Every fall, anglers travel from around the globe to visit the marshes of Louisiana. While Redfish can be found elsewhere, Louisiana is known for prolific numbers of fish in a pretty epic size class. If you're fanatical about saltwater fly fishing you've probably heard New Orleans called 'the Redfish capital of the world'. If you're a serious angler, go there. But Redfish are also found along the Texas coast, Florida, and throughout the southeastern US.


Regardless of where you target these big-headed predators, there are a few things that can increase your chances of success on the water. First, if you're new to targeting Redfish with a fly rod, do your research and go with someone who knows what they're doing. Guides are invaluable when traveling to fly fish. Second, practice casting to targets with a saltwater fly rod and a larger fly. There's nothing worse than getting out on the water and being uncomfortable with your rod/reel/fly line/flies.


And last, and perhaps most importantly, choose the equipment that'll help you catch more fish. You can't catch a big Redfish on a 5wt fly rod, and you probably shouldn't choose the Hardy Duchess Fly Reel, either (although it's a beautiful reel and you can check it out here). If you want some advice about choosing the right fly rod for Redfish, we've covered that here. If you want some advice about choosing the right fly reel for Redfish, well, you've come to the right place.


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Reel Features that Don't Matter



There are a lot of people out there that will advocate choosing a reel with an insanely strong drag system or crazy backing capacity. For species like GT, Tarpon, and others, these things are important. For Redfish, not so much.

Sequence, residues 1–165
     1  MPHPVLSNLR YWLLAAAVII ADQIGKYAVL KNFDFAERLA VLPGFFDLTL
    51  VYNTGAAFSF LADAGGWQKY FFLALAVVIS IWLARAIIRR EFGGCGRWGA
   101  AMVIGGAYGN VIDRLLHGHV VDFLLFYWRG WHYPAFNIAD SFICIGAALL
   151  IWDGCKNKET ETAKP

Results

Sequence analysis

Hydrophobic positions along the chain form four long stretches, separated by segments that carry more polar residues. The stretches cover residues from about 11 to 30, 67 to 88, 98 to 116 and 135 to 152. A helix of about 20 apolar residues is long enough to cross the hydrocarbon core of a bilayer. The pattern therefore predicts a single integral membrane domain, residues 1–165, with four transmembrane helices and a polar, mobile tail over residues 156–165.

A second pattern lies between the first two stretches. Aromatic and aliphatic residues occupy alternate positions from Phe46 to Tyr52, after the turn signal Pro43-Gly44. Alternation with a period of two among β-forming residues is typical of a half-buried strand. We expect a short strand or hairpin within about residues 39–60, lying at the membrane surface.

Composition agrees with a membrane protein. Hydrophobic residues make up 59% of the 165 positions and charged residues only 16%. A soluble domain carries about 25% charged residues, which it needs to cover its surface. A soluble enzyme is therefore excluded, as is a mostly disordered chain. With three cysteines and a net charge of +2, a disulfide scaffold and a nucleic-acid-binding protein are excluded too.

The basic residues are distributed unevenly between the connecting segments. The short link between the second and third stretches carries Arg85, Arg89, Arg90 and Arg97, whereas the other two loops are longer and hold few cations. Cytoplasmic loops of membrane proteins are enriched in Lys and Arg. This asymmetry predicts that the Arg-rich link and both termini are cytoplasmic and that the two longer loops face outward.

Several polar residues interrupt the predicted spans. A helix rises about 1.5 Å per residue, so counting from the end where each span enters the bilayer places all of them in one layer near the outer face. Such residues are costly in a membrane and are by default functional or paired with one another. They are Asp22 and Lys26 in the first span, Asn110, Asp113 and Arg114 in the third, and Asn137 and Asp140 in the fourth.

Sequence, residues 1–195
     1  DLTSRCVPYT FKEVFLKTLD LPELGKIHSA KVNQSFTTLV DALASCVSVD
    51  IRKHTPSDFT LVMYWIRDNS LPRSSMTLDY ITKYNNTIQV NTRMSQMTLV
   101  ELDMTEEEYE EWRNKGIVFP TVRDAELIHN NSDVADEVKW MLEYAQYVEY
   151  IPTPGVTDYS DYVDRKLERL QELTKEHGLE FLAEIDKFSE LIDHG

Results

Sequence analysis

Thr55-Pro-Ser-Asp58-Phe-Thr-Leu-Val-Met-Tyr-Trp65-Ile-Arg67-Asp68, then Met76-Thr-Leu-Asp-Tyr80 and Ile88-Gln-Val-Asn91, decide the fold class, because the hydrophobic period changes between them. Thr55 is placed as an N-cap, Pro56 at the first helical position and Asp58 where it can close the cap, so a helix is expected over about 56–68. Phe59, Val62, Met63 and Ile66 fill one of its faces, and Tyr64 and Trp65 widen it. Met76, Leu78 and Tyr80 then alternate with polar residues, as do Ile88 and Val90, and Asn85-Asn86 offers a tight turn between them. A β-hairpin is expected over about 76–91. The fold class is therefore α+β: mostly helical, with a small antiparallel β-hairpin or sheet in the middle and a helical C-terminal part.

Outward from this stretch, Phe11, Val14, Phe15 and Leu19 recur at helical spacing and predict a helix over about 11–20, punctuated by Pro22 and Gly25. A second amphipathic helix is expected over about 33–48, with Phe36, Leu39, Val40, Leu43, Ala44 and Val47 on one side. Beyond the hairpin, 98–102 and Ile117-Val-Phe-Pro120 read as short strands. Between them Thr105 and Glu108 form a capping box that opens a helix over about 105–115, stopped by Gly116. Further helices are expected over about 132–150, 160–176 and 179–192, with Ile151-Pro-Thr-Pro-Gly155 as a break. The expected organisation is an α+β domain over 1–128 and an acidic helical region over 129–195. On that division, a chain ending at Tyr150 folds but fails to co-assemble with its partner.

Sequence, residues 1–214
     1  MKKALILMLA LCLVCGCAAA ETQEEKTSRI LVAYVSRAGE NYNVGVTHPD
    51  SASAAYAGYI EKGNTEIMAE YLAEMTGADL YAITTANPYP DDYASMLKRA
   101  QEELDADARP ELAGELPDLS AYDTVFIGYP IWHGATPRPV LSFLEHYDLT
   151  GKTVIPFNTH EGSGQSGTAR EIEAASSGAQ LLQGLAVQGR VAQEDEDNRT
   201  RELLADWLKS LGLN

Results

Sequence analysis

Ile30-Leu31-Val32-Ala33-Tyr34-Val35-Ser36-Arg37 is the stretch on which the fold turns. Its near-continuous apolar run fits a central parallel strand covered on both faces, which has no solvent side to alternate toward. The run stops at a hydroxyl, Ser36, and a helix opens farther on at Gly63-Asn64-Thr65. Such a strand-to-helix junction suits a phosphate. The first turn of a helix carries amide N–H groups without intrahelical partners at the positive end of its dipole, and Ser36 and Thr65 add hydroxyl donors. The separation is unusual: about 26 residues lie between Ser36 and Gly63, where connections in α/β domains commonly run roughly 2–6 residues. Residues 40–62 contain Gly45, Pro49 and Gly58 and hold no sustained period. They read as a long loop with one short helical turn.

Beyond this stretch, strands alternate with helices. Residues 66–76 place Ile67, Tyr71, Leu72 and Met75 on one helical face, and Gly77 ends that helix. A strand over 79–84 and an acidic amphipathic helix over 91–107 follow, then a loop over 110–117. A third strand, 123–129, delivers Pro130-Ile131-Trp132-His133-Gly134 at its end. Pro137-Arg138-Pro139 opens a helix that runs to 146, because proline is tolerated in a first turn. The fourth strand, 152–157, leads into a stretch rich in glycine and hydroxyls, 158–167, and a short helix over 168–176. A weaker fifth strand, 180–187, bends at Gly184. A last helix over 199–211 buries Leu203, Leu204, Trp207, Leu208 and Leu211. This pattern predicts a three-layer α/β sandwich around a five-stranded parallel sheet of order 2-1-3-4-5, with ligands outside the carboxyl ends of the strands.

• 30lbs of drag is nice, certainly, but it's not really necessary. Redfish are often hooked close to the boat on heavier tippets and can be brought in quickly. Reel-screaming runs aren't very common.

  • Don't worry about start-up inertia. Most contemporary fly reels have minimized start-up inertia anyway, but heavier tippets make low start-up inertia a luxury, not a necessity.

  • Backing capacity follows the intuition asserted above about drag. Redfish are heavy and lazy so a rod with lifting power is more important than a reel with a huge backing capacity.

  • Looks and feel is a preference thing. If you prefer a purple reel with a flashy frame and the latest fly reel technology, you've got plenty of options. Personally, I prefer a reel with quiet looks and simple design.


Reel Features that Do Matter



So what does matter? When you're looking for Redfish reel, here are the features you should prioritize. These features aren't completely necessary, but they'll increase your chances of success on the water.


  • Reel finish/durability is something that could go in either category. If you're a serious Redfish angler and you're going to use an 8wt reel for Bonefish and other species, durability matters. If you're going to chase Redfish once per year, you're probably alright with a reel that's less durable (forget about Type III Anodizing and aircraft-grade aluminum).

  • High retrieval rates are good. A reel with a large arbor design and high retrieval rates will help land fish more efficiently, especially partnered with a rod that has some lifting power.

  • Ergonomics and drag adjustability are key when targeting Redfish. The ability to quickly adjust your drag and access your reel handle could be the difference between a landed fish or some broken equipment.


Great, so which reels fit the bill?


If you prioritize looks and feel, the Taylor Revolution Z is a great saltwater reel. If you prefer simple reel design, are alright with a little extra weight, and want high retrieval rates, choose the Hatch Gen 2 Finatic.


Questions?


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